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Birder Portrait – Flying Forward, Looking Back: Leo Barcenas

By Gabbi Reyes-Banaria

Parting is such sweet sorrow that I shall say goodnight till it be morrow— one thinks when migration season has come to an end with all the stars leaving only to put on a show again the following year. We set aside time to meet and welcome them with our scopes and cameras, no matter how brief the moment. Like friends to be reunited, birders await the migrants’ annual return.

Even birders come and go through the seasons. But regardless of distance, the friendships and bonds formed with both those who have been around long and ones who we’ve only just met drive us to look forward to the day we shall see each other again.

Leo Barcenas joined the club in December 2022 after joining a guided trip that was featured on Facebook. “It was a whole new experience for me to bird with seasoned birders, and I learned a lot and had so much fun!” he recalls. Leo is an Electrical Engineer with a love for birds and native trees.

The Source of His Spark

After two quick adventure-filled years with the club, Leo and his family are now set to live their next chapter in Florida. But being oceans away would never break the connection he has with Philippine birds. Let’s see where it all began.

G: When did you start birdwatching and how? Tell us your story.
LB: I have always been interested in birds even back when I was a kid, but it was some time in 2020 when my wife gifted me my first pair of binoculars that I really got into birdwatching.

G: What was your experience like as a newbie back then? How did you feel?
LB: I started birding casually, usually after work, but as I birded more, I felt like my eyes were opened to a whole new world! As a newbie birder, it was difficult to ID the new birds that I saw but that just added more to the excitement. It was like playing Pokemon in real life–except you just watch and don’t catch. Birding definitely brought a new meaning and purpose to my time outdoors.

G: What was your spark bird?
LB: Collared Kingfisher. Its electric blue plumage and commanding call really captivated me!

An electrifying moment for our Electrical Engineer birder.

A Collared Kingfisher, Leo’s spark bird

Among his club adventures was taking part in the Asian Waterbird Census in Balanga. He considers it to be his most challenging experience as a birder.

Leo shares his account: “It was hot and sunny, and identifying and counting waterbirds was dizzying and neck straining, but I loved every bit of it!”

Watching waterbirds through a scope.

G: What was your most rewarding experience?
LB: In terms of my bird life list, the most rewarding experience so far would be joining a weekend birding trip to Puerto Princesa, Palawan where I got 48 lifers! Thank you so much to my birder friends for inviting me!

G: When you started birding, what kind of changes did it make to your life?
LB: Being a birder, I became even more aware of my surroundings. When I got interested in Philippine native trees, I became preoccupied with trying to ID the trees I see outside. As a birder, I am now also very interested in the interactions between birds and trees, the fruits they eat, the flowers they get attracted to, etc.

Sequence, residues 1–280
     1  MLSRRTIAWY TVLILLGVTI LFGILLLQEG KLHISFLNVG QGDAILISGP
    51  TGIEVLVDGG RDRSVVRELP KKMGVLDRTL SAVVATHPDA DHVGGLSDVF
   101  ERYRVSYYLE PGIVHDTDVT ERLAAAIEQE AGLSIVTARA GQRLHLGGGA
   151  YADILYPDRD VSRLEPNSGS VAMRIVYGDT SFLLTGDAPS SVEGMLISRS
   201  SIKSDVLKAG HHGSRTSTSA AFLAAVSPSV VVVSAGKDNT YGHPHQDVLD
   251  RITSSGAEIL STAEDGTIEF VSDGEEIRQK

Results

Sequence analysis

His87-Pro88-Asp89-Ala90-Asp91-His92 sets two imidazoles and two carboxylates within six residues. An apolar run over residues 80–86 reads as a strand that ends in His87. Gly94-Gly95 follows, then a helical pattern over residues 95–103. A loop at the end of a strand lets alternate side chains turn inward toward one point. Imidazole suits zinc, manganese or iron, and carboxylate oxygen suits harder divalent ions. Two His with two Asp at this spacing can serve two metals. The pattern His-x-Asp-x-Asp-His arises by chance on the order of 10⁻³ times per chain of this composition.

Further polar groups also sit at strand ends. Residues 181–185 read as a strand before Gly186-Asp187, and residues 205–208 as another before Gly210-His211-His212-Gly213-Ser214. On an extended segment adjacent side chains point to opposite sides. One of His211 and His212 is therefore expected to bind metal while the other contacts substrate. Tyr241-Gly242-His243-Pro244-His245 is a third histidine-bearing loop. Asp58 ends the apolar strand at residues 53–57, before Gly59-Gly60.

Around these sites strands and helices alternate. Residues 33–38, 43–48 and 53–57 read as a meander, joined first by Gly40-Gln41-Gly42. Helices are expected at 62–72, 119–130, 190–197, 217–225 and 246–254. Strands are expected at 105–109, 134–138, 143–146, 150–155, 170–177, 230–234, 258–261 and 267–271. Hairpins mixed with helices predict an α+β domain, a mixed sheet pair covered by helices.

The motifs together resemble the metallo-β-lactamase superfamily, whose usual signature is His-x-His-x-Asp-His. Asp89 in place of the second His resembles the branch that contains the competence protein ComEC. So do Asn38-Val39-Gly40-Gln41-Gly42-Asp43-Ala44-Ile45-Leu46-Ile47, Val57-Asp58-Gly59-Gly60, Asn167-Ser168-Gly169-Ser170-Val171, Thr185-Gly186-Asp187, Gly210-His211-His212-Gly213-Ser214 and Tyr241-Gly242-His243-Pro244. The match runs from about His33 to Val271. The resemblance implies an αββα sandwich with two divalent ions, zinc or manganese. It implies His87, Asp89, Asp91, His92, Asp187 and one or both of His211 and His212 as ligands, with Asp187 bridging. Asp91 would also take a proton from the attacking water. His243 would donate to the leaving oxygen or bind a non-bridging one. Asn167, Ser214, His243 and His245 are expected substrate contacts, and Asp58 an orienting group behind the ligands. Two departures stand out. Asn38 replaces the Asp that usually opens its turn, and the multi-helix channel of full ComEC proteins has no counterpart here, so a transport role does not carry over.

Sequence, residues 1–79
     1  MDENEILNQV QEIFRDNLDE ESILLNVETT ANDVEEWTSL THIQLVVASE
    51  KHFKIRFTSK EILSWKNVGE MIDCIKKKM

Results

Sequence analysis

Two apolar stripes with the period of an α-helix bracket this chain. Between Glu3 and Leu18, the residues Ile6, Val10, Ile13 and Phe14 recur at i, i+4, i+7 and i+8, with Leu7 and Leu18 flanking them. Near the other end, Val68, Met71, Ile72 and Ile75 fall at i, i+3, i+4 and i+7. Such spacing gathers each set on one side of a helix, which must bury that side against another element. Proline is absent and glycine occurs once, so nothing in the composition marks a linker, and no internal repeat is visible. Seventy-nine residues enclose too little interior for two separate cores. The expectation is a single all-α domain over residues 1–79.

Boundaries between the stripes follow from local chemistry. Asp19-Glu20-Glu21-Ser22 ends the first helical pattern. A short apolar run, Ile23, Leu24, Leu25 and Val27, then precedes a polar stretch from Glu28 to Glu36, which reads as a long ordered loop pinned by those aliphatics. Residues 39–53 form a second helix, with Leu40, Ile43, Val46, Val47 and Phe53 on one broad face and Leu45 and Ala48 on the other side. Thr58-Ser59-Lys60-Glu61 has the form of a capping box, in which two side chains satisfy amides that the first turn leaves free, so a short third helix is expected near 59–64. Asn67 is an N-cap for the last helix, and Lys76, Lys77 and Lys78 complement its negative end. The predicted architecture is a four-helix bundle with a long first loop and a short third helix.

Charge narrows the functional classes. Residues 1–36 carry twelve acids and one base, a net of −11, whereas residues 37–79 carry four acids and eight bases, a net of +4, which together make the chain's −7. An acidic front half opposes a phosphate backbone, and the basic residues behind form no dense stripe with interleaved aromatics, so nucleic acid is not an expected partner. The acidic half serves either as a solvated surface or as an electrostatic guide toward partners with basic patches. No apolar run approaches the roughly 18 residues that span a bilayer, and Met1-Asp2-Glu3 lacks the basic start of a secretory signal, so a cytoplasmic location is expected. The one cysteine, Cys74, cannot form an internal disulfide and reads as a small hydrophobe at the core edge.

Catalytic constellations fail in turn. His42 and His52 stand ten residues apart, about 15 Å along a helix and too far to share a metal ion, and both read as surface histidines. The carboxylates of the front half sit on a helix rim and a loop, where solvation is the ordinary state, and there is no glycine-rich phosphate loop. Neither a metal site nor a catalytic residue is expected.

Leo’s favorite shot is that of an Olive-backed flowerpecker perched atop a sinuous arrangement of fern leaves.

G: What are your target birds?
LB: High up on my list are our endemic kingfishers: the dwarf kingfishers, silvery kingfishers, Blue-capped kingfisher, and Rufous-lored kingfisher.

G: Where is your favorite place to bird?
LB: Subic! I love the place because it has one of the most accessible, well-preserved forests close to Metro Manila, and birding there never disappoints. Also, there are lots of good restaurants to go to after birding!

Ah yes. If there’s one thing that goes well with birding, it’s the breakfast or brunch that follows.

According to Leo, birding is great because “it made me appreciate and love nature even more, and it connected me to a lot of wonderful people.”

Never Too Far

In keeping with the Pokemon theme song, Leo now finds himself “travelling across the sea, searching far and wide” 9,225 miles away, to be exact. At the top of his list for Florida are the Florida Scrub-Jay and the Roseate Spoonbill. The birding never ends.

Florida Scrub-Jay photo by Cassidy Ficker on eBird.
Roseate Spoonbill photo by Peter Hawrylyshyn on eBird.

G: What are you most excited about in your new adventure?
LB: Of course, it’s being reunited with my family and going birding with them! I am really looking forward to meeting local birders and discovering the local birds.

G: What will you miss the most about birding in the Philippines?
LB: I will surely miss the great company of my birder friends, several of whom are already like family to me!

G: What do you think is the best thing birders leaving the country can still do for Philippine birds?
LB: I guess it would be to support the initiatives of the club, birders, and foundations whose goals are to protect the birds, their habitat, and uplift the local community. We can also promote Philippine birds in other countries to support avitourism in the country.

G: Any wise words for birders badly missing the Philippines and Philippine birds?
LB: I don’t have any yet, haha! I guess one would be to save up money and visit the Philippines as soon and as frequently as possible!

To Leo’s dear friends in the club, this isn’t goodbye, it’s simply save up and see you later! After all, it is his life’s birding goal to see all the endemic birds of the Philippines.

We wish you and your family all the best in your next chapter, Leo. As certain as the seasons change and the first shrike appears, we will bird with you again one day!

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